Mullah Fazlullah, Swat leadership safe: Taliban spokesman

Wanted flyer for Swat Taliban leaders.

Swat Taliban leader Mullah Fazlullah and the rest of the group’s most senior commanders have escaped the Pakistani government’s operation, a Taliban spokesman said.

Mullah Omar, a spokesman for the Movement of the Taliban in Pakistan, denied reports from the government and the military that Mullah Fazlullah had been gravely wounded during airstrikes in his home town of Imam Dehri.

“Fazlullah is safe and the government claim is totally baseless,” Omar told Pakistani journalists. He also said the Taliban leadership had gone underground “as part of their overall strategy” once the Army launched operations in Buner, Dir, and Swat, Daily Times reported.

An unconfirmed report in the BBC seemed to corroborate the government’s claims that Fazlullah is near death.

“He is now stranded in Imam Dehri without any access to medical assistance and is close to death,” a local Swati with purported connections to the Taliban told the BBC. He also stated that Shah Doran, Fazlullah’s second-in-command, who, like his boss, is infamous for his radical sermons and death threats issued on illegal FM radio channels, had been killed. But Doran’s death has not been confirmed, either.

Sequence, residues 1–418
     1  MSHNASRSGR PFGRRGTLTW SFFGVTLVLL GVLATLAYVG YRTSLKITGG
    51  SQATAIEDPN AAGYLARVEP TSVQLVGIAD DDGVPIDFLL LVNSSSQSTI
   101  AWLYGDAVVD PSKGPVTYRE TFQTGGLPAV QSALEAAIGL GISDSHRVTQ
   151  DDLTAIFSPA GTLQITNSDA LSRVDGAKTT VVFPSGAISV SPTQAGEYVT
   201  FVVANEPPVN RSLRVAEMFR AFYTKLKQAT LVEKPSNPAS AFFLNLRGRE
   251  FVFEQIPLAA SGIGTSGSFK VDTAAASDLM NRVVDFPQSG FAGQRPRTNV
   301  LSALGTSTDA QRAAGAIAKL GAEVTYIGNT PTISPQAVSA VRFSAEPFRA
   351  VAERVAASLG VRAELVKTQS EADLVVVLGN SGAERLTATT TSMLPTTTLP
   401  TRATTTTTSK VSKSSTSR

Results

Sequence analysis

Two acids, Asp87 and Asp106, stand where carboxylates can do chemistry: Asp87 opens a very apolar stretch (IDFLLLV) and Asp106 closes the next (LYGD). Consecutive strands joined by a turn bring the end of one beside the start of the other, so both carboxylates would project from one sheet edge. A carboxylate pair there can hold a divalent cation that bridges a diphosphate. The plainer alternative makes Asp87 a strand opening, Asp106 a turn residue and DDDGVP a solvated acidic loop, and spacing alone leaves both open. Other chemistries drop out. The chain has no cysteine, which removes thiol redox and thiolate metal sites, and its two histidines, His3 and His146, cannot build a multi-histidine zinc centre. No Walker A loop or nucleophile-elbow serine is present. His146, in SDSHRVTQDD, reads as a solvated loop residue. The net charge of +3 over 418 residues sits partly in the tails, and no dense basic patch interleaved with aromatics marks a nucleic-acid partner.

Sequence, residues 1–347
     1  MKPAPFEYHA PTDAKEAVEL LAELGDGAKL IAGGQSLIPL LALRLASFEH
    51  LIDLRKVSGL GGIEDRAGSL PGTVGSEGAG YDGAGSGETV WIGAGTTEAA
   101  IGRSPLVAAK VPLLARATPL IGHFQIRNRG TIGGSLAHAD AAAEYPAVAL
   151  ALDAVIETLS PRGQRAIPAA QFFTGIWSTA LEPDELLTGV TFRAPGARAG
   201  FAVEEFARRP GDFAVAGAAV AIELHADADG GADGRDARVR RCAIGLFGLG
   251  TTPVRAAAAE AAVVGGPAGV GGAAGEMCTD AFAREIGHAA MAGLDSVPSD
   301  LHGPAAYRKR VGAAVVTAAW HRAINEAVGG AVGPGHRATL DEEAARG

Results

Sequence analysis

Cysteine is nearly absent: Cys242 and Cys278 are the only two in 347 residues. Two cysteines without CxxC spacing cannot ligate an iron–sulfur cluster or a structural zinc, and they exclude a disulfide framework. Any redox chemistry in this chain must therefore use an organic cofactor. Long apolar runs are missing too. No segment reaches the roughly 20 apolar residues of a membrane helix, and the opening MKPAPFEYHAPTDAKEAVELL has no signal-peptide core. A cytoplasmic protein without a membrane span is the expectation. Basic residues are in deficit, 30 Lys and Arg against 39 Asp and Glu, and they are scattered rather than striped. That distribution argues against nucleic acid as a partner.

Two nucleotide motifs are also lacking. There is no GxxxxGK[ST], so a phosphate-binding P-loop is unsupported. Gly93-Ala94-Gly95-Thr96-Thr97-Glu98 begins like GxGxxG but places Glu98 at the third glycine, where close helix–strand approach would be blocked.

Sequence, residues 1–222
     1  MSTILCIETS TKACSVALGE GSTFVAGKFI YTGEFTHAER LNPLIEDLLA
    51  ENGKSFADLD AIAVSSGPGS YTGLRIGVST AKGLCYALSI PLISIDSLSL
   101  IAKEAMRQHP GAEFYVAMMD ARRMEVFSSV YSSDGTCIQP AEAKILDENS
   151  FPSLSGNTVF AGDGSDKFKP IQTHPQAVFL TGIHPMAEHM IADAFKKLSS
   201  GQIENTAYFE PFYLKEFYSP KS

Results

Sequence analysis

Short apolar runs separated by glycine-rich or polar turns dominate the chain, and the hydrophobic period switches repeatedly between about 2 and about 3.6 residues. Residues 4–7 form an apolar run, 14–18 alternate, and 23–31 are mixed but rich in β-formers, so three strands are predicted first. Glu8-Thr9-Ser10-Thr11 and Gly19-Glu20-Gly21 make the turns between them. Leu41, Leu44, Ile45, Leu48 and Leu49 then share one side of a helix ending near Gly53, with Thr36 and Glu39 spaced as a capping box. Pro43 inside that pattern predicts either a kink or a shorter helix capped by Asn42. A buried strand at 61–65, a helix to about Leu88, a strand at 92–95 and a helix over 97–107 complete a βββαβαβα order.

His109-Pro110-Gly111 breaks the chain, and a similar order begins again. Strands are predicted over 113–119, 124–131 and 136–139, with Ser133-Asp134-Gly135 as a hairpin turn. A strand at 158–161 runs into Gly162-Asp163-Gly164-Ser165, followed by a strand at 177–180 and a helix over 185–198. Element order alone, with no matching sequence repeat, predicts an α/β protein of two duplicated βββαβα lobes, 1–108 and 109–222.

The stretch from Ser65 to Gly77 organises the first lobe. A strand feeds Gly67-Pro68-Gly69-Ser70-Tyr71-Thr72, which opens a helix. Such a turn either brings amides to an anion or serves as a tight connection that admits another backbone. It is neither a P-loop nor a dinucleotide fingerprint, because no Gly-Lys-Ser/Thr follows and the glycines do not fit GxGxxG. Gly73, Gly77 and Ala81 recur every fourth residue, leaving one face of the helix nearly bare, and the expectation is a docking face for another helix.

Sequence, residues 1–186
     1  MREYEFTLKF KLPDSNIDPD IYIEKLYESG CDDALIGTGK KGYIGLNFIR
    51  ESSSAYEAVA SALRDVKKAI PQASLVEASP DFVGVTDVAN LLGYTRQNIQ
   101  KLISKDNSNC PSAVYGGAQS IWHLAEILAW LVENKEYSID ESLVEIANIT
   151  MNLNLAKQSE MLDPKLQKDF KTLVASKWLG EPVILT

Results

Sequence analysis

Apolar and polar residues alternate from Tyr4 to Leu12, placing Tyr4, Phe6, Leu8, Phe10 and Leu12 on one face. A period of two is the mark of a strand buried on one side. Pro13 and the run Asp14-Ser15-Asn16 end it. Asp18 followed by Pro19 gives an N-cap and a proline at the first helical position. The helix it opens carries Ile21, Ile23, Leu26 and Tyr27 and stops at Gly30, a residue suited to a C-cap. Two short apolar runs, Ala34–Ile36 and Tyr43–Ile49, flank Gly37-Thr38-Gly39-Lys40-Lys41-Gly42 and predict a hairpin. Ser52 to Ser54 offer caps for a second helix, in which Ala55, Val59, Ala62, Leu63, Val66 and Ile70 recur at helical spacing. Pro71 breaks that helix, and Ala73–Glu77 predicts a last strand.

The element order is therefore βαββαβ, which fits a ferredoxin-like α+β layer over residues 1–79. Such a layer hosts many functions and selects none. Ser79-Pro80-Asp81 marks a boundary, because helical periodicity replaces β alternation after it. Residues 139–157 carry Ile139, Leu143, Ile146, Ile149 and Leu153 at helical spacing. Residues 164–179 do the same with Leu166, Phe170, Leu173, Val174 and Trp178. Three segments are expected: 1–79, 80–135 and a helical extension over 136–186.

Omar’s statements were made as Fazlullah released an audiotape to the Pakistani media. Fazlullah also stated that the Taliban leadership is intact and his forces would continue to fight for the imposition of sharia, or Islamic law.

So far, the government has failed to kill or capture Fazlullah, Doran, Ibn Amin, Muslim Khan, and 17 other most senior lieutenants who have bounties on their heads for information leading to their capture.

And although the military claims that the Swat Taliban’s second and third tier leaders have been wiped out, strong resistance remains in the district despite the military’s declaration that the operation has been completed. The military has also said, however, that its forces will remain in Swat as the Taliban remains strong in some pockets.

While efforts to kill or capture the Swat Taliban’s senior leaders falter, the government recently released Sufi Mohammed, the pro-Taliban cleric behind the Malakand Accord, who is also Fazlullah’s father-in-law. The Malakand Accord amounted to an admission of the government’s defeat and emboldened the Taliban to seize more territory in the northwest.

Bill Roggio is a Senior Fellow at the Foundation for Defense of Democracies and the Editor of FDD's Long War Journal.


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